The Daily Messenger from Canandaigua, New York on January 6, 1948 · Page 3
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The Daily Messenger from Canandaigua, New York · Page 3

Canandaigua, New York
Issue Date:
Tuesday, January 6, 1948
Page 3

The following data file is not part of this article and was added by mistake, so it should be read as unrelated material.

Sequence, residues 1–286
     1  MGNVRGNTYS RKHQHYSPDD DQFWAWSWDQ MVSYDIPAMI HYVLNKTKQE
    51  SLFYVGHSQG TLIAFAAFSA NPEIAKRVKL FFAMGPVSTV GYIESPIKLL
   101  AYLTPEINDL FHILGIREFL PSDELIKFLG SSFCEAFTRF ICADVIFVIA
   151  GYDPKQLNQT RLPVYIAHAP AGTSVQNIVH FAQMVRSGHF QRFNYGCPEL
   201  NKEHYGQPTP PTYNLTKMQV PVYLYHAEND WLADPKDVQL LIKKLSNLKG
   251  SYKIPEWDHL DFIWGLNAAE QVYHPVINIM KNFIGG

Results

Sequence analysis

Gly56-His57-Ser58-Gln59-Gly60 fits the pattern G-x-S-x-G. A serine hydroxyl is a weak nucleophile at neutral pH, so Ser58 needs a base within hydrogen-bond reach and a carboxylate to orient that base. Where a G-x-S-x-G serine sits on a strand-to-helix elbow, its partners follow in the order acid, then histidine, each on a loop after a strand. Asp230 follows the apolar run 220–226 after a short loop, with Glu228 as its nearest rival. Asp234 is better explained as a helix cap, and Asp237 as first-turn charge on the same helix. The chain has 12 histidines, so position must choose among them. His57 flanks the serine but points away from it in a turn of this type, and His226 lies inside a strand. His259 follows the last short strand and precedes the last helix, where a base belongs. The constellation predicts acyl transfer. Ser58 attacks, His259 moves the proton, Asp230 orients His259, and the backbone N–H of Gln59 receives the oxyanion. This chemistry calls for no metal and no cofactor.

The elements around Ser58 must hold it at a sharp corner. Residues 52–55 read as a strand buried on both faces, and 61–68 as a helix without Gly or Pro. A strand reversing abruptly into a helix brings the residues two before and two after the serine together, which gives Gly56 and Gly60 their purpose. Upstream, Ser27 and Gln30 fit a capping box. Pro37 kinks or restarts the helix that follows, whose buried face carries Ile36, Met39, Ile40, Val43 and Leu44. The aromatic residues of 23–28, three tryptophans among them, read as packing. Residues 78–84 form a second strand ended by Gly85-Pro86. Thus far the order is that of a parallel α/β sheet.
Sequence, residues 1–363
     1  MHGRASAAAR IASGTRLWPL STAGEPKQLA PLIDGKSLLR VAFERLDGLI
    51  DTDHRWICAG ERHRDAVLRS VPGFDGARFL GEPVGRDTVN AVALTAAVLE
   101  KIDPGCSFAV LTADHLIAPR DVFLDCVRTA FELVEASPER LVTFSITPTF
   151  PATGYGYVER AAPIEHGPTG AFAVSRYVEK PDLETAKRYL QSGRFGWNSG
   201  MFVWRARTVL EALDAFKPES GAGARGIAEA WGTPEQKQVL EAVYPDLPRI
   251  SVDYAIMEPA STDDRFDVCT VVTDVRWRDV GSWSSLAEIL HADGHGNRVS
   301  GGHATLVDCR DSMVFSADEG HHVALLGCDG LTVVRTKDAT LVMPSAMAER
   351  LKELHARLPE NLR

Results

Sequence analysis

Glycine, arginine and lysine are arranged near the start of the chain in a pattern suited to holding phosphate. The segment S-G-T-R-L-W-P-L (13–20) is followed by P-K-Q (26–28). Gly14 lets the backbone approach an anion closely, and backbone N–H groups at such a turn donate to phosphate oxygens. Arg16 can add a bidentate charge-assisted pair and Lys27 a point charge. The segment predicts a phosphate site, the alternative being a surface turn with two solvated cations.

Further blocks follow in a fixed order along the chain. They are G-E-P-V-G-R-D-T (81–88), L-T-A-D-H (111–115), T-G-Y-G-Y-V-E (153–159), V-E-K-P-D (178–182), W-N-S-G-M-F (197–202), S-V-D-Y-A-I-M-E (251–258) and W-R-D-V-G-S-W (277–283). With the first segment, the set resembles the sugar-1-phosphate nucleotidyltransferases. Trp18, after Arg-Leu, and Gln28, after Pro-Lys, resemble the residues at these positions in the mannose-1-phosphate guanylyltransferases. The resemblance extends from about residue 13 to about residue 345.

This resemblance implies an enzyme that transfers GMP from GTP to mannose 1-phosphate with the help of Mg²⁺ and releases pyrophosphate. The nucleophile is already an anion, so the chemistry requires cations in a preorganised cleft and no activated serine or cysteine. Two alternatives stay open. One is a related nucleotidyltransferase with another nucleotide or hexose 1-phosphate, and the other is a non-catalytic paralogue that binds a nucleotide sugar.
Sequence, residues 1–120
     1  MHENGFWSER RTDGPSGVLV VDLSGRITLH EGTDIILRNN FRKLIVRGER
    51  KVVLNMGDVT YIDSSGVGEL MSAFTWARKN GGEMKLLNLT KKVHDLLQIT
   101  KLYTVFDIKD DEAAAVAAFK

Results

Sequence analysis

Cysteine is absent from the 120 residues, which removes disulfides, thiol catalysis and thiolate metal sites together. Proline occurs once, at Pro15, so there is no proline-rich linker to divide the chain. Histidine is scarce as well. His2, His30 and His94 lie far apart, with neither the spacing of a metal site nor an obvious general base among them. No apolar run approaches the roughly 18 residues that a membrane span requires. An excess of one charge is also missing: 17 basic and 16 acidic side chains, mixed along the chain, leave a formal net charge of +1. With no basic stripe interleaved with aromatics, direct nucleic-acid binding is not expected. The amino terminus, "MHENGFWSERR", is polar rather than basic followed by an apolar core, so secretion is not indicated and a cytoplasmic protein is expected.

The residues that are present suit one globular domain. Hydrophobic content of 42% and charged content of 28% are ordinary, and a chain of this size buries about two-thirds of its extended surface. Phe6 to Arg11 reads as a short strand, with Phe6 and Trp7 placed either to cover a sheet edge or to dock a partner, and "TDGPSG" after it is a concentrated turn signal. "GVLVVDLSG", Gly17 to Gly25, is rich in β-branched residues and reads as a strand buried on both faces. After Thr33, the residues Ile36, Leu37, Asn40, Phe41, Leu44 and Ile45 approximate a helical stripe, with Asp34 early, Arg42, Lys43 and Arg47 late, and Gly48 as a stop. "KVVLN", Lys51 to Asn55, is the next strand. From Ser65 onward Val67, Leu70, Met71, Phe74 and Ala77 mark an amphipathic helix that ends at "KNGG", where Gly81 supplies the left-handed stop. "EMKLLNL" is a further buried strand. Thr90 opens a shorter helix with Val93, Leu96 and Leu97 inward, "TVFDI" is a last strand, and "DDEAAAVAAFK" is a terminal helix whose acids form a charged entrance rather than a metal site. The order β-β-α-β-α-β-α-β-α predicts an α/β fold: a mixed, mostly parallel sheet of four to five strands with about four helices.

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ONTARIO GAZETTE Founded 17§7 ONTARIO REPOSrTOBJ Founded 1802 OANANDAIGUA MESSENGER Founded lie* SlTOY It MJBgSENOEB CqnuUdatod 1862 THE DAILY MESSENGER Founded 1907 Established in 1797. Vol. 151. No. 4 ONTARIO^COUNTY The Weather Light snow this afternoon and early tcuiight, colder latter part of tonightr Wednesday mostly cloudy. CANANDAIGUA, N. Y., TUESDAY, JANUARY 6,1948 Single Copy, Five Cento Many Battles Loom As Congress Meets _ ^ , - · -' ..% %^F .-;, . · £ .7' . . · " Dsition Of CIO To Wallace Benefit Truman And Dewey Resolution Asks Unions to Leave N.Y. Labor Party Observers Believe Governor May Be Needed to 'Carry State for GOP ALBANY, (/?)--The New York slate CIO.s condemnation of the presidential candidacy of Henry A. Wallace was viewed in political circles here today as a "break" for both Governor Dewey and President Truman. Through its executive board, the state CIO adopted a resolution last night terming "irresponsible" the action of Wallace and his supporters in launching a .third party movement. The Marshall plan was endorsed in another resolution. The CIO board urged CIO unions affiliated with the American Labor party to withdraw t h e i r support from the party if it "persists" in backing Wallace. When Wallace announced his candidacy, at the head of a third parly, it was- widely predicted he would damage Dewey's chances of winning the Republican presidential nomination. The reasoning went thus: AL*I' Support Wallace would have ALP support, with its normal complement of approximately a hair-million votes, all in pivotal New York state. This would be enough to defeat Truman here no matter whom th/ Ronnhiipfinc; n o m i n a t p r l . Therefore, the GOP would not feel it had to choose Dewey in order to stand chance of swinging the j state info "tile Republican column, j But the action of the CIO ex-' ecutive board, in the opinion o f ! political analysts here, will c u t j deeply into the American Labor i party strength and leave the party i far less effective as a balance o f ! e Jll Have Same Birth Day Heed Named Commissioner Of City Jolice Muar E l e c t e d Council Head;'Donovan Named ·v'iiy AUoiTiey, Juolruc.s, Assessor Icy Oddity at Niagara Falls Each of till- children of Mr. and Mrs. Jerome Saucr of St. Cloud, Minn., was horn on Dec. 30, all within a two-year period hut at intervals of one year. James, shown with his mother in St. Cloud hospital, arrived Dec. 30, 3947; Janice, held by Nurse Jane Buettner, was born Dec. 30. J U I G ; and John, in his father's arms, was horn Dec. 30, J915. (AP Wirephoto) Truman Drops Cost Fignre In Aid Plan power. This in turn was regarded as WASHINGTON, ministration look i-- The some--but ad- not making Republican victory in New i all--or the opposition heat off the York state next fall less certain j Marshall plan today by j u n k i n g and therefore re-enhancing Dewey's chances of gaining the GOP presidential nomination. Less Defection To the Democrats it was evidence of considerably less New York defection from Truman to Wallace than was feared when the the 517,000.000,000 (billion) cost estimate for long range economic aid to Europe. Suggested by Chairman Vandenberg (R-Micii) of the senate foreign relations committee, ihe action was generally hailed in Congress as removing one 'major overall sum will make it possible The post of city police commissioner, vacant since last Spe.t 3, was filled by the common council at. its first session of the new year, an o j - g u n i / a t i o i i a l meeting late yes- UTcUi.y afK-nioun at city hall, when it named Fred E. Reed, local in- suranc'.' agent and former National B r i n k employee, to Ihe pc-sHion. He is t l i e son of Fred K. Reed, for m a n y years t h e stenographer for Supreme Court, here. O t h e r appointments made by the council included the naming of Alderman William W. M u a r as president of the council, and of John Holmes as an assessor, a post recently vacated through a resignation. Mayor George McG. Hayes announced his appointment of James P. Donovan as city at- t o r n e y , and of Edward B. An dross lo .succeed' himself for another t w o - y e a r term as c i t y dork. The new police commissioner's a p p o i n t m e n t carne as somewhat of a surprise to- the close followers of Joi-a] political news: the new commissioner's name not having been among the several mentioned in the various predictions. Snfwpfls Gntcs The position was vacated through the resignation of William j L. Gates, former Ontario County j Trust company officer', who had j held the city position for 17 years. ! Gates, at liberty under bail, is now ! a w a i t i n g t r i a l in Monroe county j on a grand j u r y indictment charging felony law violations jn connection w i t h iii.s handling of the funds of the Hopewcll Pioneer io write the aid legislation in anj "honest way." It will leave to a" future Congress to decide, iie said, whether the program should be continued after the first year and what the total cost is to be. Cemetery association, of which he former Democratic vice-president | stumbling block toward approval announced he was, leading a third j O f a four-year recovery program, j " of I party into the race. j However. Senator CIO unions are the core of the i Colorado, w h o heads i h American Labor party's strength, j c . nco O f ; ,n Republican M i H i k i n router- 13 Are Rescued By Coast Guard And today in New York City, one of the bulwarks of the Alp--the j p nr iy want Amalgamated clothing Workers «f I m ; , f ip America--was meeting to consider withdrawing from the parly. Moreover, it is known d e f i n i t e l y that tomorrow in New York city ALP state chairman Hyman Blum- p | ain berg and other "right-wing" o f f i - cers will resign from the party in protest against the Wallace candidacy. Governc-r Dewey commented publicly on the Wallace candidacy for the first time last evening. He nuuU . Speaking on many m his o t h e r changes Approval i radio program sponsored by the Republican national c o m m i t t e e last night, Aliili- kin predicted eventual approval of i p. sane I jecl. But he lold his listeners: ! "A decent, regard for what, is in KODIAK, Alaska. '.?' - T h i r t e e n persons, including a m o t h e r and her six c h i l d r e n , sped toward Kodiak aboard a coast guard c u t t e r and navy tug today for hospiiali- [ z a t i o n a f t e r being rescued from an ice-sheatlicci point of Ihe Alaska peninsula where I hey had been stranded for up to five clays. Ten of tiic frost-bit ten survivors were aboard the wrecked cannery lender Spencer, which smashed into the rocks opposite is- 1 h p nearl - s " 4f ""= American people land New Year's eve and broke up ret)uires I hat the aid shall not imperil our own economy and shall said'at a news'conforon^^. wh-n i he of a n a t u r e t h a t will help our asked about it: "I guess everybody has opinions on that subject that are fairly obvious. Mine are my own--and they're not high." Battle in CIO While Dewey was speaking (lie 1 fiends aorouci help I nonist'H LS. "Derail regard for ! dutif.s of high t r u s t will require among oilier things, t h a t the Congress shall come up w i t h a plan stripped i co clean of hysteria, waste, oxtrava- ' t h e i r small m the pounding swells. j All are reported s u f f e r i n g from j i frost, bite and exposure hut are ' noi. ijL'iiOVi-u lo i;c iii s'ji iuu. oyii- fiitioi). The o t h e r t h r e e wen. 1 v o l u n t e e r rescuers from the navy tug Mata- who struggled to shore a f t e r boat overturned Sat- treasurer. Reed's apopintment to the unfinished term which ends Dec. 31, 1949, was recommended to the council by the board of health and public safety. His nomination was 771 ade by Alderman George W. Urstadt, and seconded by Alderman Clifford N. Strait. Alderman Urstadl was also nominated for the position of police commissioner. The nomination by A l d e r m a n Louis Vecchi, was opposed in discussion by Mayor George MrG. Hayes and several of the council members, who- pointed out t h a i t h e a l d e r m a n had been chosen by the voters for his posit i o n fin ihe council nnd ( b a t Hie people expected that the council would chose from among o t h e r t h a n its own members in filling public offices. When Alderman Vecchi's nomination failed to receive n seconding motion, the nom- i n a t i o n of Reed was alone acted upon. I t received t h e unanimous approval of t h e council membership. CIO executive board was batUins: over the Wallace and Marshall plans resolutions in a hotel near the capitol. A spokesman for Luuis Hollander, president, of the state CIO. announced that the anti-Wallace and pro-Marshall plan resolutions, [ mise plus a formal statement by Hoi- ; avoid raising lander assailing Wallace, were ap-! gnnt hopes, n proved by a margin of 2 to 1. An unofficial source said, however, that the adge was 3 to 2 c-n all three questions. Representatives of so-called "left-wing" unions on the 35-member board voted against the resolutions and statement and urged the CIO to back Wallace. MiRht Withdraw The anti-Wallace resolution called the former democratic vice- president's candidacy "a direcl threat to the success of progressive political action and said it wouid "affect adversely the election of progressive representatives." The resolution said f u r t h e r that the American Labor party \\a.s "bring sought as the vehicle for the Wallace candidacy x x x through the activities og (Rep.) Vito Mar- cantGTiio and others who have consistently adhered to and followed the communist party program and policy." Hollander in his statement said the Wallace candidacy "will be an anti-labor ticket" which will "increase the chances of a Republican victory" and "give encouragement to the extreme right wing forces of the Republican party to put up .1 most reactionary candidate x x." gance. over-swollen aims and ; urrlay night in a daring a t t e m p t to " scatteration." reach the stranded party. Vita) Objectives j The Mataco and Hie c u t t e r Chn er M i H i k i n said i! should be "a plan j are expected to reach here around noon (.5 p. m. EST) today. ' i sharply focused on I he accomplishment of v i t a l objectives, a plan l i m i t e d in t i m e so as io assure performance of whatever our pro- | may he, a plan t h a t will false and cxt rava- plnn ;·;( constructed t h a t the performance- can be watched and our aid can be ahnn- doned if the intended purposes vire not accomplished." In announcing ihe adniinislra- j !'f\ lion's decision to drop the request' ]'·;.' for a u t h o r i t y to .spend up to ?17. I f·'··'"'·· 0(10,00(1,000 (billion) toward t h e r e - i covcry of 16 western European n a t i o n s outside t h e Communist orbit. Vandenberg said there is no change in the S6,SOO,000,000 (billion) estimate for the first 15 j months of the Marshall plan's operation. And be told a news conference t h i s figure may lead to "a heil of a lot of trouble" ;n Congress. But he said i h e retreat from the .Muar Elrctcd ! However, nn earlier n o m i n a t i o n i by A l d e r m a n v'ecrhi produced an 1 unexpected development in t h e j n a m i n g of Alderman William W. Muar !(.· the post of president of the common council, succeeding Alderman Urstadt. who had held the post for the past 10 of the IS years he has served as an alderman. Prior to the n o m i n a t i o n of Mr. Muar. Alderman Urstadt had C o n t i n u e d on Page 3 Truman To Deliver His Annual Message I At 1:30 Wednesday ; | Session Opens with 'Little Fanfare but "Off the 'Floor 1 Talk Emphasizes 'Battles to'Come During Election j I Year; Truman to Ask Higher Taxes on 'Corpora- «y i tions · . .- -. . · · . . . . , , i WASHINGTON, A-- Congress^ and House. But off the floor the convened at noon today in a lull- before-t he-storm atmosphere. talk was of battles ahead in an election year over weighty domes- There was no fanfare and only j.tic and foreign issues. Scr.ntc New York City NEW YORK. Early re- Sightseers at Niagara Fails, Ont., are finding a winter wonderland as frozen spray from the catarac-ts gives familiar objects grotesque .appearances, such us this hiinp-posi at the edge of the Horseshoe I'"al!s. (AP Wire-photo) Dewey To Discuss lr»M 9las%n [}aw+rt/irc ALBANY, (.-Pi-- Gc'vcrnor Dewey,in liis a n n u a l message LU me leg- i s l a t u r e tomorrow, United Nations Discuss India LAKE SUCCESS, (.-?' -- The strife and bloodshed touched off by the partition of India officially comes to the attention of the United Nations today when the Security council takes up India's com- i plaint -against Pakistan, her sister dominion, over fighting in Kashmir. The issue of Kashmir, a princely slate a b n i i t i h e si/e of Kansas in nui't h e r n most I n d i a , covers only ·the current focal point of f i g h t i n g , but, .some observers believed . that o t h e r problems of splintered India might be aired before t h e U. N. British I n d i a was carved up along Moslem-Hindu lines -lasl Aug. 15. w i t h most of t i i e Moslems in Pakistan and l::e Hindus in India. M u c h of t h e s t r i f e has centered on which of t h e t.wo CO some of the princely s l a t e s v split p o p u l a t i o n s s h o u l d .jojn. Three-four) h* of Kashmir's -1,1)01), (10(1 are Moslems, b i l l Maha.ia.ia Sir Hari ways of combating inflation. A source close to the governor disclosed the message would "deal overall with the general problems of inflation and their effect on state arid local governments and the lives of the people." He said the governor would define "steps the state can take to avoid adding fuel lo the fires of inflation." Dewey will read his 7,000-word message personally to the legislature when it convenes for its 171st session tomorrow noon. National Attention His remarks on inflation are expected to attract national attention because of his position as an undeclared candidate for the Republican presidential nomination. The governor will outline in general t e r m s his legislative program for 19-18. Ho will save for special messages detailed recommendations on major proposals. Among these will be the contemplated state university and t h e outlawing of racial and religious discrimination in -admissions to private colleges and universities. Dewey went over moval of the embargo on non- j essential freight, requiring lighter- · age in New York harbor was jook- ed for today by city officials as the weather continued moderate and the storm cleanup neared completion. G. C. Randall, port traffic manager for the Association of American Railroads, .said the embargo may be lifted. City officials hoped it %vould he by Thursday or Friday. Meanwhile, fuel oil supplies in the city improved, and investigation Commissioner John M. Murtagh pressed his inquiry into i p e- ports of black marketing and price gouging in fuel oil and kerosene during the storm emergency. Murtagh said yesterday that 40 per cent of the retail fuel dealers who had hfpn unable to obtain supplies when the inquiry began a few days ago are now making deliveries. .The freight embargo exempted foodstuffs, drugs and medicines, and army and navy supplies. Randall said north Jersey freight terminals yesterday held 500 fewer cars for unloading than .they did the day before. The New York department of sanitation kept more than 12,000 men and 2,500 pieces of equipment on the job of removing snow and ice from city streets in the congested areas and from the outlying residential districts. A department spokesman said "the principal business sections now are pretty clean." his message ered on which of t h e t.wo countries I \VJth Republican legislative leaders v i l h ' at: a seven-hour conference yesterday. Among lliose at the meeting was t h e i r riiler! I Edwin F. Jacckle, Erie c o u n t y Siii"h is i ! COP chairman and former state Hi'n'du'.''aml 'a'uig-of-war has' been | chairman of t/ie party. Hupfnrr Iipnlp»l His presence lent subsinnee to reports lliat since he and Dewey charges t h a i P a k i s t a n is supporting an invasion of Kashmir. Indications were t h a t the first council m e e t i n g hre on the subject would be brief and that full debate would be delayed pending t h e arrival of exports from the contending parlies and from B r i t a i n . The U.S. also w i i l have expert I r e p r e s e n t a t i o n . Enjoy Food from Friendship Train Three-Phase Plan Set Up by Arabs JERUSALEM, ^--The supreme command of the Arab allied forces (SCAAF) has a three-phase operations plan to prevent the parti!ion of Palestine and right now is about halfway through phase one, it. was learned tod.ty from reliable sources, Children at Ihr drpnrtniRntal school at Vifry, a suburb of Paris, eat a warm lunch prepared from food which was part of the onrpo received from thr- Friendship Trains. This was tho first distribution of food to French children. established a rapproachment a f t e r a long r u p t u r e Jaeckle has been playing a major role in the administration's political strategy. Jaeckle. J. Russel Sprague. national committeeman from New York, and Herbert Browne!!, former national GOP c h a i r m a n , are understood to be Dewey's basic b(.-ard of strategy in t h e governor's campaign for the presidential nom- i n a t i o n . Dewey will e n t e r t a i n Republican members of the legislature and "nis staff at a buffet supper at the executive mansion tonight. Meanwhile, the Democrats of the assembly will meet to decide whether tr designate an acting minority loader i.o repiacu Irwin Steingut of Brooklyn. Steingut is ill at home and may not be able to come tc Albany at any time during the session. U was reported his leadership duties would be shared by Kugene F. Bannigan of Brooklyn and William E. Clancy of Queens. After hearing the governor's message, the legislature will adjourn until Monday night. Cable Companies Seek Injunction Against Strike NEW YORK, "tffj'^Three struck cable companies sought court, action today enjoining the CIO American Communications association from refusing to handle foreign messages sent to or from interior domestic offices on land lines. The companies, involved since Friday in a strike of overseas communications workers, yesterday appealed to the National Labor Relations Board to seek a l e u e i a i couii. i n j a i i c t i u n ;iKai:isi. the union because it allegedly had refused to handle "struck copy" on domestic land lines. University Action Expected Ian. 12 ALBANY, C?--The commission studying the need for a slate university will act formally on a final report at a meeting here Jan.12, Chairman Owen D. Young says.* Authoritative sources predicted the 30-member commission would "overwhelmingly support" a Dewey administration plan to convert Syracuse university into a state educational center. FBI Presses Probe Of Arms Shipment j takes no business -until it receives I the president's annual, state-of-the- i union message. Mr.'Truman will I deliver that in person at-1:30 p-.m. I (EST) tomorrow-. I It is expected to draw clearly the lines between the White House I and the Republican-controlled j national Legislature on .many.mat- ters. Mr.- Truman may give his views--say .what he wants.--prf tax reduction, foreign aid, ..military training, powers to use against high prices. . ;:':; Bit By Bit .. . . Congress' answer will come bit by bit in the debates and the votes of the months ahead while the November elections draw closer. Since Congress adjourned Dec. 19, Rep. Patrick Drewry, Virginia Democrat, has died. D'rewry's death and the resignation of Earle Clements. Democrat elected governor'of Kentucky, left the political lineup in the House at 245 Republicans,. 186 Democrats, one American-Labpr- fle and three vacancies. The other vacancy was caused :by the resignation of Rep. Evan Howell, Illinois Republican. · : · The Senate' started off with-no vacancies and a lineup of 51 ^Re- Message Almost Ready White 'House aides reported President- Truman 'has his-message "almost completed." He called-an unusual session of his cabinet .for this afternoon to go over the message with the members. · ·· . r . The gulf which, divides the President, and t h e Republican-controlled Legislative branch was pointed up perfectly by a new report-that Mr. Truman might propose higher taxes on corporation, prof its'-;, jin order to leave a. margin for -low bracket personal 'income tax/relief without cutting total government revenues. - -· · · ."·.'.*·. This was only one of the plain indications that the session will develop into a running controversy between the White House and the law-making majority from the-fall of the opening gavel at non ' right up to adjournment in June for t h e n a t i o n a l political conventions. . · Even as Mr. Truman was putting the finishing touches to what lieutenants described as a "slugging message" to 1 be delivered .in person tomorrow, Republican .staged out the lines for-a fight of own to cut taxes and slash government spending. · · · ' . " Few Dull Moments There were these session-eve developments to indicate that dull moments will be few and far between: 1. Chairman Taher (R. NYKof the House Appropriations commit- lee cttiieu i i i c piv.sideiH'.s rtiioi'lftd budget of 540,000,000,000 (billions) "too damn high" and promiseto whittle ft down. ."·- 2. Chairman Knutson (R-Minn) of the House Ways andMeans committee reiterated his determination, with leadership backing, "to jam through a $5,600,000,000 tax- recluction bill which will provide at: least a percentage reduction for everybody. 3. The administration abandoned its attempt to have Congress specify a possible $17,000,000,000 outlay for European recovery over the next four years but ran into new NEW YORK. /P)-- The Federal Bureau of Investigation pressed an inquiry today i n t o circumstances surrounding an unsuccessful attempt to ship an estimated 65,000 pounds of TNT from Jersey City, N. J., pier lo Palestine in violation ~ ,,. , , , , ., of export regulations banning R ^P ub ! can demands for further shipment of arms or munitions to ?j tcr f T s in '!l e hot!y debat ^ the Middle East. The explosives, packer) in crises labeled industrial machinerv, were iTS%? wT tllS *SE ^ »-^ '«· '** » M ««" Official Secret* Marshall program. 4. Top GOP leaders in both Senale and Ilou»e fired a verbal broadside at the administration a b o a r d the Palest ine-bound freighter Executor. Their ron- tonls were revealed when one of the crates broke open during ihe loading operation. WAA to Sell 10 Explosive Films WASHINGTON. (!P\--The war assests administration told Congress today it hopes to dispose of 10 e x p l o s i v e s m a n u f a e t u U n g plants w i t h i n the next few months. In a special report to the Congressional presiding officers, acting Administrator Jess Larson indicated the plants probably will have to be sold for dismantling for several reasons, one of which is their poor location for peace-time use, even if converted to other purposes. What the president will .say in tomorrow's state of the union message. or thf exact amount he will ask in bis btiflgel % mpw^gp next Monday, remained official secrets. But (here were forecasts that -Mr. Truman will mince no. words, On Capitol Hill official in close touch with the White .House pre- rtiotpd that tho prr-sidervt vrill -take a firm stand against trimming the amount of tax money now flowing into the treasury. Continued on I 'age- .''. TREASURY RBPORT WASHINGTON, yP)--The pcxd- lion of the treasury Jan.2: Receipts $57,965,813.28; expenditures $:57,371,7pf.55; balance, $2,5!7,0*». 496.39; total debt, $256,4969H,»0 .39; decrease under prevtou* $484,287,585.90. .